The MaskiD system provides custom 3D-printed facial sheet masks that are suitable for the customer’s facial requirement
Ready-made sheet masks are gaining significant traction in the cosmetic and personal care sector to hydrate facial skin and delivering nutrients. Neutrogena recently developed MaskiD system that fabricates 3D-printed masks according to the shape and needs of client’s face. Users start by taking a smartphone selfie, from which a 3D digital map of their face is created. That map includes information such as the exact size and shape of their nose, along with precise measurements of the spaces between their various facial features. Furthermore, customer use Neutrogena’s previously-released Skin360 system– it consists of a smartphone-mounted imaging device known as the SkinScanner, along with an app.
Utilizing this system, user can obtain a personalized information such as the size and depth of lines/wrinkles, along with their skin’s moisture levels in different areas. The facial map and Skin360 data are uploaded to a server, which are accessed by Neutrogena to 3D-print a batch of sheet masks designed specifically for user. The mask is made of a hydrogel consisting cellulose sourced from locust beans and red seaweed, these contains added ‘rejuvenating’ ingredients, which are custom-placed in six areas of the mask.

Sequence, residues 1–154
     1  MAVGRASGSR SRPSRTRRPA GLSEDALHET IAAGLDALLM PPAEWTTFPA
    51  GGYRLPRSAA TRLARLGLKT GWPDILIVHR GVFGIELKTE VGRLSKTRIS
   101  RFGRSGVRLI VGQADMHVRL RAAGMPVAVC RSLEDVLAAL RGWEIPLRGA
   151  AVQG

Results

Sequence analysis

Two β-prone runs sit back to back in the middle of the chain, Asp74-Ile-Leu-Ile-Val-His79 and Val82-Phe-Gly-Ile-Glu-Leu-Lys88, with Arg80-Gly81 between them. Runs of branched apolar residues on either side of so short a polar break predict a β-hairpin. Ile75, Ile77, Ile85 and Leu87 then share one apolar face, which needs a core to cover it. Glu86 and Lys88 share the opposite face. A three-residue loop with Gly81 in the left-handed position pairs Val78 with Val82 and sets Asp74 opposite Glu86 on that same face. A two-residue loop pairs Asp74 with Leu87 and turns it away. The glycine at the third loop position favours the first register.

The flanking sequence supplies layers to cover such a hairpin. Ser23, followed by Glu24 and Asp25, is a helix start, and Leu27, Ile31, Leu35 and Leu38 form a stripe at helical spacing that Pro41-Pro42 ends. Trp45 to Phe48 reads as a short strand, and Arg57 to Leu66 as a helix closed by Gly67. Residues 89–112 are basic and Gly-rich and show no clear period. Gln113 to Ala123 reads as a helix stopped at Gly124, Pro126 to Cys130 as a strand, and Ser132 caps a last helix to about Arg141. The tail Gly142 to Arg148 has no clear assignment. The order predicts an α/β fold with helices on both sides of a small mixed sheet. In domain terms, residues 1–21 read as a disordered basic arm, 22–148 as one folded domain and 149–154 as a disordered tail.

Those ingredients include purified hyaluronic acid, to improve the skin’s moisture barrier; vitamin B3, to reduce discoloration; feverfew, to minimize redness; stabilized glucosamine, to exfoliate the skin and reduce wrinkles; and vitamin C, for brighter-looking skin. The process ends with the masks being shipped to the client. However, price of the MaskiD system is not disclosed yet. The system will be available initially to the US consumers through the Neutrogena website in the third quarter of 2019.
Dean Andrews is the lead editor for Gator Ledger. Dean has written for several publications including the Orlando Sentinel and the Huffington Post. Dean is based in Palm Beach and covers issues affecting his city and the Palm Beach county. When he’s not busy writing, Fred enjoys playing flying drones.